God’s Word and Correction


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I’m not convinced of the value of expressing beliefs through lists of “supporting” scriptures. To me it seems more like an exercise in concordance use than anything resembling an understanding of scripture.
It’s something I’ve chosen to avoid doing for some time – although far too often I can still be tempted to take a shortcut by using a search engine to find a verse to support what I want to say. However, most of the time when I do that I find the reference I sought doesn’t really give the support I’d hoped it would. Context can be very inconvenient at times, showing that “memory verses” can be very misleading.

Some people seem to think that if they give you a long enough list of scriptures, then the verses provided will make the validity of their point of view obvious – sometimes they think they don’t even need to express their point of view, assuming that the scriptures alone will make their understanding of truth evident (at least to those who are spiritually minded). But can a truth be made evident through a list of verses tracked down through a concordance or search-engine: a list presented with little attention given to what those verses are ACTUALLY saying within their intended biblical context?

Recently I read the following statement: “if any[one] wants to correct anything, just do it with scriptures, let God’s word bring the correction” .
But what exactly is meant by that? Is correction administered through providing a longer list of proof verses than the one “needing” correction can compile? Or is it a matter of duelling with those texts until a participant is beaten into submission by superior firepower?

Scripture is an essential God-inspired resource, but it can be misused.
It is very easy to find individual parts of the Bible to support almost any idea that man can create. Therefore it is also very easy to “correct” anything that contradicts our own ideas by seeking out a favourable collection of bible statements.
While there is a significant lack of respect for scripture across broad sections of Christendom, the opposite approach, making scripture the prime focus, is no less prone to leading to error. So, in using scripture to prove a point can we actually be missing the point?
In using it primarily as a tool to support or refute theological arguments are we missing the revelation of God that’s at its heart.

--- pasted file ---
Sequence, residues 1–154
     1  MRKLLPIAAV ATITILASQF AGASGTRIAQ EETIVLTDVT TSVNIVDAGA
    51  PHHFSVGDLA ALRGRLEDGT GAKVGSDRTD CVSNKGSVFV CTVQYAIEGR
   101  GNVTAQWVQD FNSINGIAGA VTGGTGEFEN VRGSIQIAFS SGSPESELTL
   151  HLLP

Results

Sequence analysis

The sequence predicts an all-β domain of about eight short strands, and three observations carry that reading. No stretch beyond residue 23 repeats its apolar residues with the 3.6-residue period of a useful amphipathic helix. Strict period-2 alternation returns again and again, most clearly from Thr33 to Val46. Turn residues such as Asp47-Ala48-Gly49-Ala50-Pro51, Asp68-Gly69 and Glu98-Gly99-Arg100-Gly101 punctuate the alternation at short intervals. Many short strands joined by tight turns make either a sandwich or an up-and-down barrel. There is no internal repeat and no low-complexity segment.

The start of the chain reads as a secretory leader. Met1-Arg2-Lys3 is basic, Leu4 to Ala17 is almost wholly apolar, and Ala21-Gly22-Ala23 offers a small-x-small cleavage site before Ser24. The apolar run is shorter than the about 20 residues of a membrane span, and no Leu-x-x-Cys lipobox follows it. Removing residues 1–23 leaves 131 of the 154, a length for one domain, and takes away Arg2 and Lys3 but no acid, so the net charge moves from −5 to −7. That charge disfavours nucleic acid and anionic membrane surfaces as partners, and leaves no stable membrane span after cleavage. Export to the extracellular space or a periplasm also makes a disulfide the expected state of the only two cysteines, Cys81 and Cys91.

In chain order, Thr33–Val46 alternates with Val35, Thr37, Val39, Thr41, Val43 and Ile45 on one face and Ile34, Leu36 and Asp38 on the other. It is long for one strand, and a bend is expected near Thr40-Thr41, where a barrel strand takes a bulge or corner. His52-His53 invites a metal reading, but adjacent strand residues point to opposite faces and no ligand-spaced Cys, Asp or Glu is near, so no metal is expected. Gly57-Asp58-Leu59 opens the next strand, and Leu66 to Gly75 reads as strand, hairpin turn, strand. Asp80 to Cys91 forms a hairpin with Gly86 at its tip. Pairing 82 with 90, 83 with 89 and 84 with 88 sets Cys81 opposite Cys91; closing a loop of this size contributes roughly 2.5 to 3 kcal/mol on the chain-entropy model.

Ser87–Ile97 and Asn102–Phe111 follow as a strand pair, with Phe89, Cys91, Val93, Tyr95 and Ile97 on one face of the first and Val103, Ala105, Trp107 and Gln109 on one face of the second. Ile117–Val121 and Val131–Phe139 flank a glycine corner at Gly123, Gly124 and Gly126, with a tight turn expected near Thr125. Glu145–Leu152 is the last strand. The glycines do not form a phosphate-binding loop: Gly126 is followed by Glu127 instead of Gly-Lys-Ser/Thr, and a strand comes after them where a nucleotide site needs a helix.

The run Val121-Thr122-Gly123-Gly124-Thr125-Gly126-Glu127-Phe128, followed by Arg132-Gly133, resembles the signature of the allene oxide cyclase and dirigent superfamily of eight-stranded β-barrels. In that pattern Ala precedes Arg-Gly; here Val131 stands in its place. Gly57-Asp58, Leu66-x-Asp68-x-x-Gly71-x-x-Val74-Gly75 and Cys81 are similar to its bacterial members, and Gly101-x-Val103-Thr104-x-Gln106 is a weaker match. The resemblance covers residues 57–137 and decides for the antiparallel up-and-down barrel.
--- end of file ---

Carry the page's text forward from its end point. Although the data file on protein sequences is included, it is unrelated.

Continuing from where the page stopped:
Instead of trying to shape our Christian life and beliefs according to isolated “texts” from scripture, maybe we should look more to the Person revealed throughout all of scripture, and see how we relate to Him, His character and His ongoing plans for His creation.

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3 thoughts on “God’s Word and Correction

  1. I would say some people are better at handling the Word of Truth than are others. For instance, go to marknanos.com and, about two-thirds of the way down the home page, click on “Lectures>>” to get to where you can then click on “Reading Paul in a Jewish Way… Oh be joyful…” from June 5th, 2015. Near the end of the October paper (revised from the talk in Germany), the term “proof texts” is connected to Paul.

    Nevertheless, I also answer “yes” to: While there is a significant lack of respect for scripture across broad sections of Christendom, the opposite approach, making scripture the prime focus, is no less prone to leading to error. So, in using scripture to prove a point can we actually be missing the point?
    In using it primarily as a tool to support or refute theological [and even political, I might add] arguments are we missing the revelation of God that’s at its heart.

  2. “..Instead of trying to shape our Christian life and beliefs according to isolated “texts” from scripture, maybe we should look more to the Person revealed throughout all of scripture, and see how we relate to Him, His character and His ongoing plans for His creation…”

    Amen..!

    Its a balance isn’t it..? We need both written scripture and indwelling Spirit – who will give the insight we need.. 🙂

  3. Yes Roger, we need ALL that God has given us. Too often I’ve seen people presenting either/or options. Some exalt the Word above everything else and give no thought to the Spirit. Others try to get by without the Word and insist the Spirit is all they need.

    I think in reality, anyone who choses one at the exclusion of the other is actually excluding BOTH.

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